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UCR Partners With Veracruz University

UC Riverside Partnership with University of Veracruz, Mexico, Takes Shape

Collaboration on a Broad Range of Scientific Initiatives Underway

(February 4, 2004)

Arturo Gómez-Pompa

Arturo Gómez-Pompa

RIVERSIDE, Calif. —— A long-planned collaborative relationship between the University of California, Riverside and the University of Veracruz, Mexico is now underway in which both universities will share research on a variety of scientific initiatives, and on community development and migration issues.

UC Riverside Botany Professor Arturo Gómez-Pompa, organized the collaboration, which is in the early stages of an ambitious agenda that includes conservation biology, biotechnology, mosquito abatement, migrant workers, nanotechnology and the monitoring and development of natural reserves. The world-renowned expert on tropical forest ecology serves as coordinator of development for UV’s Centro de Investigaciones Tropicales (Center of Tropical Research, or CITRO), the first project in the partnership. Gómez-Pompa is now based at Veracruz developing this project.

Several students and researchers involved in the UCR-UV program have received support for their projects through individual grants and fellowships from the University of California Institute for Mexico and the United States, (UC MEXUS) and the Consejo Nacional de Ciencia y Technologia(National Council of Science and Technology, or CONACYT), allowing UV doctoral students to study in Riverside, facilitating the exchange of researchers, and the conducting of joint research. UC MEXUS is a UC system-wide center developed in 1980 and based at the Riverside campus since 1984 to study issues common to both countries, to foster research in Mexican studies, Latinos in California, US-Mexico Relations, and collaboration between UC and Mexican researchers. UC MEXUS’s collaboration with CONACYT has also created programs that helped further the goals of the UC Riverside-Veracruz partnership.

“The main objective of the agreement is to open an opportunity to develop collaborative programs of research and education in topics of importance to both universities,” said Gómez-Pompa. “It is expected that several UCR faculty will start projects based in this new center. It is also expected that UCR faculty in collaboration with UV faculty could offer field courses in the tropics of Mexico, based on the activities of CITRO.”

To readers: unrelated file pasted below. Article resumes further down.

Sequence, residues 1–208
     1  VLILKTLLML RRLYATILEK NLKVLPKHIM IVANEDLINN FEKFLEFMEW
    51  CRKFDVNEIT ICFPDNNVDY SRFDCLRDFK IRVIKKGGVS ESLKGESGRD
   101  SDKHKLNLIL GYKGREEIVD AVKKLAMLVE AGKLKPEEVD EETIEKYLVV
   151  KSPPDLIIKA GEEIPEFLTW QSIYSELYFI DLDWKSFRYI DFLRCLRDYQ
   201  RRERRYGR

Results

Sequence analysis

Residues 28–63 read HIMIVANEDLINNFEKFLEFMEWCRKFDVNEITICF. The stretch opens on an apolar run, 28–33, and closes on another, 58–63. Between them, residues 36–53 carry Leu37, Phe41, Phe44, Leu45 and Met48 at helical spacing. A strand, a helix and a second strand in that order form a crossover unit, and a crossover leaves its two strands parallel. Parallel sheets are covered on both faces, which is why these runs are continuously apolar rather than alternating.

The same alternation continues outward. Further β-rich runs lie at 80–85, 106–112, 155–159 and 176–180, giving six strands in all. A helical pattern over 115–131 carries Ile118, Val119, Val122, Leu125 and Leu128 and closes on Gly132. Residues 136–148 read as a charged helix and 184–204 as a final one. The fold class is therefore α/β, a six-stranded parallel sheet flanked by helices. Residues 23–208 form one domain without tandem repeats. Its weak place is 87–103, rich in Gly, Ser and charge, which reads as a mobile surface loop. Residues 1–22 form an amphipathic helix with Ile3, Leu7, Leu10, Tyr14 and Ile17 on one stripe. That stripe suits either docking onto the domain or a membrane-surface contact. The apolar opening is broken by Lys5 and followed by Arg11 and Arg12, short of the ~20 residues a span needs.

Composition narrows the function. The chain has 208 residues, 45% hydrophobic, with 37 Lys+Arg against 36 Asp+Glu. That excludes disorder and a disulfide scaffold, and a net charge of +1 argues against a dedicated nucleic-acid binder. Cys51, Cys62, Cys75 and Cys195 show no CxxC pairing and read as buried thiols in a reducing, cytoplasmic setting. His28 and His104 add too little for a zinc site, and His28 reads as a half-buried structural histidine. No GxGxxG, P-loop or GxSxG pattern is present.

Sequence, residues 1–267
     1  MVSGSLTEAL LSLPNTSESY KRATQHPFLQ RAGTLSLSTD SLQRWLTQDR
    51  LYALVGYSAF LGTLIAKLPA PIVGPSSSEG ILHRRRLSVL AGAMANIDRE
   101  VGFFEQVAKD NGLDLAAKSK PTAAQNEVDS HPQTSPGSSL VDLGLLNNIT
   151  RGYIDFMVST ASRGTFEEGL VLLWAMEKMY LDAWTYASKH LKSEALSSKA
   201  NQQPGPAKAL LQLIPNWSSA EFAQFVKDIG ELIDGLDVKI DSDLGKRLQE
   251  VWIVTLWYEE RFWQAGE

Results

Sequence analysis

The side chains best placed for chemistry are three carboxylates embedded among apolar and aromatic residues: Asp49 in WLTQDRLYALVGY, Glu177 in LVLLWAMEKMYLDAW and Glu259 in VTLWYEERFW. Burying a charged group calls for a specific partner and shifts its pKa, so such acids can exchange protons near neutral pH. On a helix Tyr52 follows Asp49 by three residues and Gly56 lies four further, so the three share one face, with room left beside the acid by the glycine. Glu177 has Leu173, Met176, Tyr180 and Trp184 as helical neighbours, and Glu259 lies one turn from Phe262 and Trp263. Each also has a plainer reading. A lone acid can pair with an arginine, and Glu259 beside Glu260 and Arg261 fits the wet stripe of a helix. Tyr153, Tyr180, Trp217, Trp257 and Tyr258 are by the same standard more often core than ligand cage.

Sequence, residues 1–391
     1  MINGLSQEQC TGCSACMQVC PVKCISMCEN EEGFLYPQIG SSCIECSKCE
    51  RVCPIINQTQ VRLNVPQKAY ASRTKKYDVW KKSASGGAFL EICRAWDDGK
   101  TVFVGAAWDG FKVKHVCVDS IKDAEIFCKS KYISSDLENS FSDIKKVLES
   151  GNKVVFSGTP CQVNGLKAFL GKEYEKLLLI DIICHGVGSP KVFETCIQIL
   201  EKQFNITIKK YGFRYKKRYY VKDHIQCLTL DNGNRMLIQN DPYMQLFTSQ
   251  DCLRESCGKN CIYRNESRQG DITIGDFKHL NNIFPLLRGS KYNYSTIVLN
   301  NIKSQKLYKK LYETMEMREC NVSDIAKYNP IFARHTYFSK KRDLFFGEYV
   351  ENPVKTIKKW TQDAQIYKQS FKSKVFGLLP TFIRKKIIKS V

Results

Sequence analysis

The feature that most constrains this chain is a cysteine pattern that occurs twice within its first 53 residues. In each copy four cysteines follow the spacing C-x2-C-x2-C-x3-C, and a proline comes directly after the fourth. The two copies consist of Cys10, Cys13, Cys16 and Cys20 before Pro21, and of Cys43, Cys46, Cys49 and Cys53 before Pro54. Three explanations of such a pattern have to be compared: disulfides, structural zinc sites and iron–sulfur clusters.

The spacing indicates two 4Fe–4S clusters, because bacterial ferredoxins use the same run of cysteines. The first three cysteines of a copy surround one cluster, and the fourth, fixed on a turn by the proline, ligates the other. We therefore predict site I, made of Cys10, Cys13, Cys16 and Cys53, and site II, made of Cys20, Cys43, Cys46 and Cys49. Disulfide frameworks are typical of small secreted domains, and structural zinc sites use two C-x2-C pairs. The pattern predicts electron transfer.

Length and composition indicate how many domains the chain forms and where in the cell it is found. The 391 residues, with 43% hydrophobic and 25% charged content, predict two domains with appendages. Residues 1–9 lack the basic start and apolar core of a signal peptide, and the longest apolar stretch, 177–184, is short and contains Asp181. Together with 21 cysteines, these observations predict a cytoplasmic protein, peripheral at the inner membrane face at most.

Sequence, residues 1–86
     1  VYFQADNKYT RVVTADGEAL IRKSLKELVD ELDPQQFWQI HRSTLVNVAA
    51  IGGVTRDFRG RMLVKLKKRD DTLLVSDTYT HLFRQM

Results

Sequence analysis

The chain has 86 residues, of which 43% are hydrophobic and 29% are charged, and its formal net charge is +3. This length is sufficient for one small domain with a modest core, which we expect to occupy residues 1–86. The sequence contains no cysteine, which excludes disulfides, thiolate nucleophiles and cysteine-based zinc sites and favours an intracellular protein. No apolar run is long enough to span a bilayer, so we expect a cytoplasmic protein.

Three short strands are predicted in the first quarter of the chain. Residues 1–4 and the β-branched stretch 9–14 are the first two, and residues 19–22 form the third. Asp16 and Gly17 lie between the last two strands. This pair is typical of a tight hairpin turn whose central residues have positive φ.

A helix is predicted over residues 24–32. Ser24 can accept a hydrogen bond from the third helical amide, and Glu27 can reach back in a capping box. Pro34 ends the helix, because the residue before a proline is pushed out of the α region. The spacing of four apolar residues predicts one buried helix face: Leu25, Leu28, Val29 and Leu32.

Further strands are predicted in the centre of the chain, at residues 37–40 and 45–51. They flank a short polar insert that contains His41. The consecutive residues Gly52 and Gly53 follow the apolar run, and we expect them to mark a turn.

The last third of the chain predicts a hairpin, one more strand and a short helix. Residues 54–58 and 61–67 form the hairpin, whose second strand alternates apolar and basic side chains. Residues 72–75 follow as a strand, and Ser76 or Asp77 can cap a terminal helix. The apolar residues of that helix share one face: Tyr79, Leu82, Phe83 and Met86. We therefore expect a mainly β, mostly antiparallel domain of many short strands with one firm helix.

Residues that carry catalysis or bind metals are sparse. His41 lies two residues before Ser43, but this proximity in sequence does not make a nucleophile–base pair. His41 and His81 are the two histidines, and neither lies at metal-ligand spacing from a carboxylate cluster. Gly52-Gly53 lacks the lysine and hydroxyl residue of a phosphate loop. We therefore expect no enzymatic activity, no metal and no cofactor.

Among several anticipated projects are plans to permanently share state-of-the-art technologies and measuring instruments needed to monitor the behavior of animal and plant species. One of the most anticipated projects is the furthering of ethno-botanic and molecular study of tropical trees in Mexico.

“A project I am enthusiastic about is the continuation of the work started 10 years ago at El Eden Ecological Reserve in Quintana Roo, Mexico,” Gómez-Pompa said of the effort to develop an alternative model for a protected area that is non-governmental, small, research and education oriented, self-sustained, low-maintenance, and that could be replicated. “A book just came out on the work done. This project I started at UCR has been taken over by the University of Veracruz, and will become a model to create similar sites in selected sites in the tropics.”

Other projects include the sharing of computer equipment as tools for gene data analysis; the identification of nematodes in potato and coffee in the Mexican state of Veracruz; and the development of a course on basic aspects of electrophysiology applied to the study of living cells.

The universities will study the possibility of developing a master’s degree in education program for graduates of Mexico’s schools of education, similar to a program UV currently has with Southern Georgia University.

“UCR students could also use problems of the research program of CITRO as dissertation projects,” Gómez-Pompa said. “This activity has already started. UV faculty and students could come to UCR to develop joint research proposals, use the library and other facilities of UCR, and participate in ongoing work at UCR laboratories in areas of mutual interest.”

Another area of study is coffee production. With prices plummeting due to overproduction, in part because of high competition, plantation workers are affected, and often forced to migrate to the U.S. to look for work.

“CITRO has been invited to participate in a major program to help lowland coffee growers,” Gómez-Pompa said. “This is an effort of the Mexican government to eliminate poor-quality coffee and concentrate efforts to produce certified highland-shaded coffee. This is a multimillion-dollar project that offers great opportunities for research in many fields.”

The partnership will further increase UC Riverside’s relationships with Mexican universities.

“We hope to create a world-class program in tropical research and education that could attract good students and faculty to UC and UV,” Gómez-Pompa said.

The University of California, Riverside ( is a doctoral research university, a living laboratory for groundbreaking exploration of issues critical to Inland Southern California, the state and communities around the world. Reflecting California's diverse culture, UCR's enrollment has exceeded 21,000 students. The campus opened a medical school in 2013 and has reached the heart of the Coachella Valley by way of the UCR Palm Desert Center. The campus has an annual statewide economic impact of more than $1 billion.

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